11

Eventually, the present site in the Rural zone of the Tasman District, was identified. The site is situated near Hope, which is in close proximity to Richmond and easily accessed from Richmond, Waimea and Nelson. Days had previously conducted two funeral services on the site, known as Gardens of the World, and formed the view that it would be ideal for the establishment of a crematorium with a small chapel facility and a memorial garden. The site was purchased and this application is the outcome.

12

Gardens of the World was created by Mr and Mrs G F Etherington, long-term orchardists and nurserymen at Hope, and conceived by them as public gardens on a grand scale. Mr Etherington described 2 the Gardens as consisting of …a New Zealand garden, oriental garden, a “white garden”, American garden, European garden, African garden, Australian garden, a central promenade with fountain, roses, herbs and herbaceous plants, and an amphitheatre area with trees and Rhododendrons Etherington (now 75 years old) had placed the property on the

market in the hope that somebody else would continue his dream and bring it to fulfillment He considered that time had run out for him to continue with the venture. 3
13

The Gardens of the World complex occupies a 2.6 hectare rectangular shaped portion of the site. The site runs roughly northwest/southeast. The northwestern boundary of the site fronts onto Paton Road, the southwestern boundary fronts Clover Road East and the northeastern boundary adjoins a vineyard called the Greenhough Vineyard. These three boundaries have mature shelterbelts which largely obscure views from the road and neighbouring properties into the Gardens. Internal plantings subdivide a series of well defined, separate, secluded garden areas and the amphitheatre. With the exception of the carpark area on Clover Road East, there are very limited, if any, views into the Gardens from the adjoining roads or nearby properties. Even the carpark is largely surrounded by planting.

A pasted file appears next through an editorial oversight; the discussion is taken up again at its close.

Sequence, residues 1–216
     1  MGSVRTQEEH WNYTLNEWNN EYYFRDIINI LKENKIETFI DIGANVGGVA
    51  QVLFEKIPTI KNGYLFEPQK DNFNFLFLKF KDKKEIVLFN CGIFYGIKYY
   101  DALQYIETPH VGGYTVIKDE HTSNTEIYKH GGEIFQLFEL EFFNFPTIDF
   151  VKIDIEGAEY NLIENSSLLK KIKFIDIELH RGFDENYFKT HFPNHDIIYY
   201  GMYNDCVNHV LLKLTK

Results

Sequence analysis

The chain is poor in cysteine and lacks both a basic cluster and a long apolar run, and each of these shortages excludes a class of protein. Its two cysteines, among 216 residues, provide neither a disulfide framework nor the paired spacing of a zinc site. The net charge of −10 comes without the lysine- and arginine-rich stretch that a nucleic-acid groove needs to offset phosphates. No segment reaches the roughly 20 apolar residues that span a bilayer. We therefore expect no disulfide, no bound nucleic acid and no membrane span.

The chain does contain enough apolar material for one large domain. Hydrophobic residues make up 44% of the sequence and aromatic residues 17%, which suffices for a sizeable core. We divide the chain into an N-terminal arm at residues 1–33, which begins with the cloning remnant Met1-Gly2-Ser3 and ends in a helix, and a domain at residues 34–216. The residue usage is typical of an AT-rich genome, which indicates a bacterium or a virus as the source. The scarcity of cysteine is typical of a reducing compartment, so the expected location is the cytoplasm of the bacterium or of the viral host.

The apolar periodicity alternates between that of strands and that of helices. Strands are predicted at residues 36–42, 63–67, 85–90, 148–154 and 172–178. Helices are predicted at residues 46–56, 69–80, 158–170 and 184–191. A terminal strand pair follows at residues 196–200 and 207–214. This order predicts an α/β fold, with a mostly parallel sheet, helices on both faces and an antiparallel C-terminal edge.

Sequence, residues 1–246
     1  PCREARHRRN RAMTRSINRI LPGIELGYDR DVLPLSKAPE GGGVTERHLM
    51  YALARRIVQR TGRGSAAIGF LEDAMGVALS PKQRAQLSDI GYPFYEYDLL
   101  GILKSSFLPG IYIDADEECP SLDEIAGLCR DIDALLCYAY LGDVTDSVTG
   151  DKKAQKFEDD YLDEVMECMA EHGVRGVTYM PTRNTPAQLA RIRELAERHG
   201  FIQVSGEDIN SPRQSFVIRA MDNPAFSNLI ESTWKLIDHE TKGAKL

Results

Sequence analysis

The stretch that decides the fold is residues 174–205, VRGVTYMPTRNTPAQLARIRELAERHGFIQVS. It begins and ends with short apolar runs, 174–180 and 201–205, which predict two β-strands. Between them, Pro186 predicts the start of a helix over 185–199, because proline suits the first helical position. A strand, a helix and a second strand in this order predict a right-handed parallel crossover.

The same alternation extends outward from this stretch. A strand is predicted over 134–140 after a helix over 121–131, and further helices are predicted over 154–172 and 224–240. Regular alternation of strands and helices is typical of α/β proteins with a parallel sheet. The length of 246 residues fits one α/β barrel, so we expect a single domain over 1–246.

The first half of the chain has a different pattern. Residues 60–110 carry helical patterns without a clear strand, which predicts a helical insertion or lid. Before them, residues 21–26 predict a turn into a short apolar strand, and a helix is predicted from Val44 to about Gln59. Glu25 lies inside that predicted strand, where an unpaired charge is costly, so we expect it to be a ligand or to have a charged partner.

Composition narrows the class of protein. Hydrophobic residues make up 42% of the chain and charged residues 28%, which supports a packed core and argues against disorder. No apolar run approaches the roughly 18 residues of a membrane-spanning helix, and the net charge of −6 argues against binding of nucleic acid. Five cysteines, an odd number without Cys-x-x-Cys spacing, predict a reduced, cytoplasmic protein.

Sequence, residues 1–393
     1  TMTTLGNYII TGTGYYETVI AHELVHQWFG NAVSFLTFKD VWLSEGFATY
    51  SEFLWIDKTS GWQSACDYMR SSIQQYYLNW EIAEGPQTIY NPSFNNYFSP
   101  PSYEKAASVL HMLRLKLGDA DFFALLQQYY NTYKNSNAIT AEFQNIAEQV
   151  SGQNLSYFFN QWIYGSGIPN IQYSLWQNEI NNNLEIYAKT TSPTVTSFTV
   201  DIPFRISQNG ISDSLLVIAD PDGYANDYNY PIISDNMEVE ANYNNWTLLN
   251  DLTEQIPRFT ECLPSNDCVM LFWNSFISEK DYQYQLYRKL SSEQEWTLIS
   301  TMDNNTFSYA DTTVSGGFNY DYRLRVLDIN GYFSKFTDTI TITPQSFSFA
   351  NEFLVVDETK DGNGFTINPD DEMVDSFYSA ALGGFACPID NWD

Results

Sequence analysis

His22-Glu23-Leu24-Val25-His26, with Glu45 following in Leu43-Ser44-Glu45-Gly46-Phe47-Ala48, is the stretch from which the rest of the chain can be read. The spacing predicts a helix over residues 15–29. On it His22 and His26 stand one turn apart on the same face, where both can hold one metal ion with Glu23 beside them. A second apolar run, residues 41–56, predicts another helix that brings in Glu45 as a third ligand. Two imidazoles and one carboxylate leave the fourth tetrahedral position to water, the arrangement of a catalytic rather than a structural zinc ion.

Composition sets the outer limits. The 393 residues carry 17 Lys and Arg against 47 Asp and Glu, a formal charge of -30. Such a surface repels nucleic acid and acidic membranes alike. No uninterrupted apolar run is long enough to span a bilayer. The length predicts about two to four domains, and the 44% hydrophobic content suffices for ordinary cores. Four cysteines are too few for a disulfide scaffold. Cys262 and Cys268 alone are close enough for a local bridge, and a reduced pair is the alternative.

14

The developed gardens extend to a point approximately halfway along the northeastern and southwestern boundaries of the site. At this point, the southwestern boundary of the property leaves the road and follows the top of a bank which cuts across the landform. This boundary tapers so that the southern portion of the site forms something of an elongated, narrow neck of about 1.2 hectares. There is a substantial dwelling house in this area, together with a large glasshouse, nursery, sheds and workshop buildings.

15

Much of the land in the neck is occupied by mature grapefruit trees. This portion of the site is more open in visibility than the Gardens. There is a mature conifer shelterbelt along the northeastern boundary which provides some visual barrier between the site and the Greenhough Vineyard. A casuarinas shelterbelt runs along the southwestern boundary providing a strong visual barrier. There is presently no planting along the southeastern boundary which adjoins farmland.

The Proposal
16

The crematorium/chapel building is to be located at the northern end of the neck near the Gardens. The grapefruit trees are to be removed and the neck is to be d out with a lake, memorial gardens and forest-type planting up to 7m high in a

similar style to the Gardens of the World. The memorial gardens will be used as a place for interment of ashes amongst the plantings. The conifer shelterbelt on the northwestern boundary will be supplemented with Cyprus species and the southeastern boundary will be planted with a Cyprus hedge so that, as with the Gardens, this portion of the site will be fully enclosed.
17

The crematorium/chapel building itself does not require consent as it complies with the permitted activity rules of the Tasman District Plan (the District Plan) for buildings. The structure is to have a maximum height of 5.5m above ground level with the emission stack extending a further lm above the roof. The height for permitted activity buildings in the zone is 7.5m. The proposed building complies with all setback requirements and total site coverage by all buildings (including existing buildings) after construction of the crematorium/chapel, will be less than half that which is permitted under the District Plan. It is the commercial activity aspect of the crematorium/chapel and kiosk as well as the sale of memorial plots which require resource consent.

18

Commercial activity is defined in the District Plan as meaning… the use of land and buildings for the display, offering, provision, sale or hire of goods, equipment or services, and includes shops, markets, showrooms, restaurants, takeaway food bars, professional, commercial and administrative offices, service stations, motor vehicle sales, tourist accommodation, the sale of liquor and associated parking area; but excludes recreational and community activities and home...